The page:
7. Rayen says:

    Well you could try and scratch the part of the disk that the “requires GFWL part is on”. Worked for me With the Sims 2 and EA download manager/Origin, I have a totally DRM free disk version of Sims 2 because the scratch corrupted the Download manager part. The Disk still installs and runs the game, it just can’t figure out how to download the DRM stuff.

    Then again it was entirely luck on my part and I’m not actually sure the giant scratch on the disk is whats causing it.

  8. Daemian Lucifer says:

    So you keep saying how gfwl is a bad thing,yet that story about it making your daughter play new vegas instead of fallout 3 definitely proves that it does good.

  9. Broadly speaking, it seems like just playing New Vegas is a better move. But I can’t help but think that the evening conversation at the Young’s is rendered nigh incomprehensible if you haven’t played Fallout 3, as Shamus bangs on the dinner table every night… And the Enclave? I mean, jeez, how stupid are these guys? Pass the beans please… I mean, if they want clean water why don’t they just…

    • Shamus says:

      Actually, one of the odd things is that I don’t “bring my work home with me”, so my family knows less about this stuff than most of the people that read my blog. Esther is curious about it, so sometimes she hangs out with me, watches me play, and talks about the game with me. Sometimes I pause and do the “here is the history of this franchise and why this change was so dumb / brilliant / unexpected” conversation.

      We had QUITE a conversation about Arkham Knight last night as I endured hours of the the new Bat-themed tank piloting / car racing / shooting game.

      • Oh, yes, I’m sure. My blog and online presence is explicitly maintained for those things I can’t talk about at home because nobody wants to, too. It was just an irresistible mental image.

        Isn’t the Internet grand? I’d be much more isolated 30 years ago.

        As long as I’m commenting, the current Spoiler Warning is forcing me to finish up my playthrough of Arkham Asylum. It is interesting to contrast the first entry in that series with the latest. The first couple entries had a lot of good in them, but bit by bit they’ve been carefully excising it.

      • Peter H. Coffin says:

        I recommend she read the blog too. Verrra insightful.. ;)

      • I think Issac is the only family member who DOESN’T read your blog (in case you wondered, Shamus).

      • Neil D says:

        The phrase that keeps running through my mind as I play Arkham Knight is “I Have no Blog and I Must Rant”. I’ve been empathizing with all your tweets about it. There’s a BATtlezone pun to be made somewhere, but I’m just too annoyed to bother (or maybe ComBAT if you’re old-school Atari 2600).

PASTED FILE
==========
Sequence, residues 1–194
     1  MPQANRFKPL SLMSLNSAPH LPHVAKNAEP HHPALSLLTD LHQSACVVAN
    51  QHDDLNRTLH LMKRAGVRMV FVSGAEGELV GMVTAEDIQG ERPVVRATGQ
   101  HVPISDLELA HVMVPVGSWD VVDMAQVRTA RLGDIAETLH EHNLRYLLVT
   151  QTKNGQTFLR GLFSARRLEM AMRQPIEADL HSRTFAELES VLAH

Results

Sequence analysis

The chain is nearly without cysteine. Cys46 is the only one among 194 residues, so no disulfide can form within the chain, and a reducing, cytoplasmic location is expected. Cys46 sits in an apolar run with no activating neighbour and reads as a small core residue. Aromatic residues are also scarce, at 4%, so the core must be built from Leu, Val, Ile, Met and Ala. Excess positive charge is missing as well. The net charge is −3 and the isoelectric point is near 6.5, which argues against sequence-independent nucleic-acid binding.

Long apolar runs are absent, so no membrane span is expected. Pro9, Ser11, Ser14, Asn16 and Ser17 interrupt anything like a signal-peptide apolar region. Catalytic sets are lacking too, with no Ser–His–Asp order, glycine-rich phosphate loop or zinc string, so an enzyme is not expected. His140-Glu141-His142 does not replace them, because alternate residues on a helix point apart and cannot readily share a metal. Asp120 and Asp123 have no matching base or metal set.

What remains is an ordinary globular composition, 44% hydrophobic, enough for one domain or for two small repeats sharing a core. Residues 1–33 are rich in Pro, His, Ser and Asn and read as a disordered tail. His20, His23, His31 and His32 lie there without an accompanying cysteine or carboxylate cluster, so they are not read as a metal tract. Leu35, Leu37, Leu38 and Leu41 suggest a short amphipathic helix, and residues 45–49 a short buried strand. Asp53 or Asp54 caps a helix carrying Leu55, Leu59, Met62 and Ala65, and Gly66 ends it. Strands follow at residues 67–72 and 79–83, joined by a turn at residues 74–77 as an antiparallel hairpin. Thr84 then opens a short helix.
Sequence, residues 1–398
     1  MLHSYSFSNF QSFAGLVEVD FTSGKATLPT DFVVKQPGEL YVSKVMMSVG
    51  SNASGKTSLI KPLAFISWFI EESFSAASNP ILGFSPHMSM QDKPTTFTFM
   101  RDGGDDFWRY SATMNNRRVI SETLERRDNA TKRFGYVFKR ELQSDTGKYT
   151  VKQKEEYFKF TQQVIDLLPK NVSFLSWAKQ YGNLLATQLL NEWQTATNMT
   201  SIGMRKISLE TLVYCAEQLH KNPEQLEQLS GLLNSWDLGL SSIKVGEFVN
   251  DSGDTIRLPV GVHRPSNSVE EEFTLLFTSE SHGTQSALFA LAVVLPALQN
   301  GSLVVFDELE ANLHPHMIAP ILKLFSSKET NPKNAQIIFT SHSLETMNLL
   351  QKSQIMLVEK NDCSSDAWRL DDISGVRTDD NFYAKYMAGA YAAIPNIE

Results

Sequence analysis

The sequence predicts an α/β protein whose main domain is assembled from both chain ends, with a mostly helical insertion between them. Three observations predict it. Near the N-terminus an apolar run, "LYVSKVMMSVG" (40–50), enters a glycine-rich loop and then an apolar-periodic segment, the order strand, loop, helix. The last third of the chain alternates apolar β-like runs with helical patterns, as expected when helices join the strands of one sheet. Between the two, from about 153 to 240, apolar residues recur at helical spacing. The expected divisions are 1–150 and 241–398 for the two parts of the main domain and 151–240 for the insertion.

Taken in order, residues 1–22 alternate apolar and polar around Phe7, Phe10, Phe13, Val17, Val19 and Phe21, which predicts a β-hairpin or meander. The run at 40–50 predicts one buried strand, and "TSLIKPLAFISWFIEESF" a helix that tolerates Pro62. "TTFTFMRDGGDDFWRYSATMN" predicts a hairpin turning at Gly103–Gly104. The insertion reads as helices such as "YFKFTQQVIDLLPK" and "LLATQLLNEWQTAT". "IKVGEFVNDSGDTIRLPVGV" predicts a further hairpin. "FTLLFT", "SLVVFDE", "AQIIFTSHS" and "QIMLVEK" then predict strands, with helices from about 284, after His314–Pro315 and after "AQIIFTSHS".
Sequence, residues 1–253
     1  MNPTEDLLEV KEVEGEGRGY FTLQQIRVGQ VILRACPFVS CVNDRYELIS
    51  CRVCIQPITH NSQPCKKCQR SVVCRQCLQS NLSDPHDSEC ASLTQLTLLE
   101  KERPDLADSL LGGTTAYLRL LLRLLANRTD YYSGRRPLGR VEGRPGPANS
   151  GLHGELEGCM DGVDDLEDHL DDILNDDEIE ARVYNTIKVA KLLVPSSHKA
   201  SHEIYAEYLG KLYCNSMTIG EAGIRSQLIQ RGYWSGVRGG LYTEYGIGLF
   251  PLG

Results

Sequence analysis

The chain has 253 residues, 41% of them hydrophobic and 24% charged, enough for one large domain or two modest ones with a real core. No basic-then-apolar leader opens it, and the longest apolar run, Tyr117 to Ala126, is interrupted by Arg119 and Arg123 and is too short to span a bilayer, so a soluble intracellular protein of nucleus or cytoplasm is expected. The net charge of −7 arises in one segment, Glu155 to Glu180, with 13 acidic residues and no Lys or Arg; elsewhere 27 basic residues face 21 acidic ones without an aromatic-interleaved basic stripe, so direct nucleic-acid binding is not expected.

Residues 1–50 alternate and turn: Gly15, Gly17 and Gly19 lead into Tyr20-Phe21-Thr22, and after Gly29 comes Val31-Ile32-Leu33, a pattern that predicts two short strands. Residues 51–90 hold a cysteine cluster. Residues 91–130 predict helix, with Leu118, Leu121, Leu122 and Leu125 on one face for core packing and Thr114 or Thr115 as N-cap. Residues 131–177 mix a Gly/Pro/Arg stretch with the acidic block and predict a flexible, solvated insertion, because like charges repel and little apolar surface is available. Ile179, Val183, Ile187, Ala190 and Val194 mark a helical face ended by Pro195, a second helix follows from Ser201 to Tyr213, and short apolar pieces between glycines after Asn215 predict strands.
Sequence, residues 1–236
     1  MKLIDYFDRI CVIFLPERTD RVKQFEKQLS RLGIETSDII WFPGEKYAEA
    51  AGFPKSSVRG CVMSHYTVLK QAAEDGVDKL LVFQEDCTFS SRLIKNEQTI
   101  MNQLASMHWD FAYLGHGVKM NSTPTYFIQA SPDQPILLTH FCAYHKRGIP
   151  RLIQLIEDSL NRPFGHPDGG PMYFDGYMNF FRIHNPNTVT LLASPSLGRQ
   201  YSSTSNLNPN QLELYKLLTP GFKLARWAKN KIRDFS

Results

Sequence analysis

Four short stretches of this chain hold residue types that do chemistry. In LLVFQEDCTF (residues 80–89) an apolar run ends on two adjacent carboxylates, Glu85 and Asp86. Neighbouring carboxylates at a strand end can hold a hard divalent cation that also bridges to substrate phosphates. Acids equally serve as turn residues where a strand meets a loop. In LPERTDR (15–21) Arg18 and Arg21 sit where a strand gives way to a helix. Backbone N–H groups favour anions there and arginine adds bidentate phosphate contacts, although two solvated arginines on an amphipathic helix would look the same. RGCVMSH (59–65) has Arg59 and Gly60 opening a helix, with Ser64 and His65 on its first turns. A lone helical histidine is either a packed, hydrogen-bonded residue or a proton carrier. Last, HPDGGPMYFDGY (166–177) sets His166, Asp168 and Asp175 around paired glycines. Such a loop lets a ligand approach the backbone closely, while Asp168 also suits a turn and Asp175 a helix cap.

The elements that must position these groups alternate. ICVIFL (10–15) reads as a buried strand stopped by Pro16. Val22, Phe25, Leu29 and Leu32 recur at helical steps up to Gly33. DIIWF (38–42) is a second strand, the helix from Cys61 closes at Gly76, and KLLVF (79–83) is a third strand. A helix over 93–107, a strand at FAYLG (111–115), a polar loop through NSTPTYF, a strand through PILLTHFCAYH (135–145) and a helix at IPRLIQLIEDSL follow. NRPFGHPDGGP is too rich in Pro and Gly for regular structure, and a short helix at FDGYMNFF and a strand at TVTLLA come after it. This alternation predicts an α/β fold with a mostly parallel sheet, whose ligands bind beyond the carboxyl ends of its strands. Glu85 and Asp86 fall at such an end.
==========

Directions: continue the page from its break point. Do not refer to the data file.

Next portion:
The game is just so damned proud of the Batmobile and keeps shoving it in your face at every turn. I’m grapple-gliding around as much as I can, trying to get my Batman on, but the game keeps insisting I get in the damned car and either play shoot-em-up bang-bang with the Drone Tank Army (because Batman doesn’t kill!), or start careering around the streets leaving a wake of destroyed property behind me because the damned thing handles like a pair of roller skates on a greased tile floor.

        Also, the sequence where you get the winch is one of the most ludicrous things I’ve seen in a game in a while – they actually managed to make a Batmobile platforming game. But as Jeff Goldblum once said, they didn’t stop to think about if they should.

        Argh. I Have no Blog…

      • Darren says:

        I just got Arkham: Knight, and my opinions are mixed. But the batmobile is certainly high up on the “misguided idea” list. Riddler’s racing? OK, that was kind of fun and cool, and not a replacement for the Riddler challenges. Entire sections that are just about getting the car into place, though?

        I look forward to the inevitable write-up.

    • This made me giggle for very silly reasons- the idea of Shamus a. sitting at the kitchen table (kitchen table is for creating food stuffs, not eating at) b. eating a meal as a family (we do that…maybe 3 times a year tops?) c. on a regular basis d. asking anyone to pass the beans, ever (does NOT eat beans). We do have this sort of conversation, but they aren’t work related but rather just things that come up in conversation, and even more often, during gameplay. Anyway, the imagery was funny. (Hi Shamus. Love you. See you tomorrow! Feel free to delete any or at all.)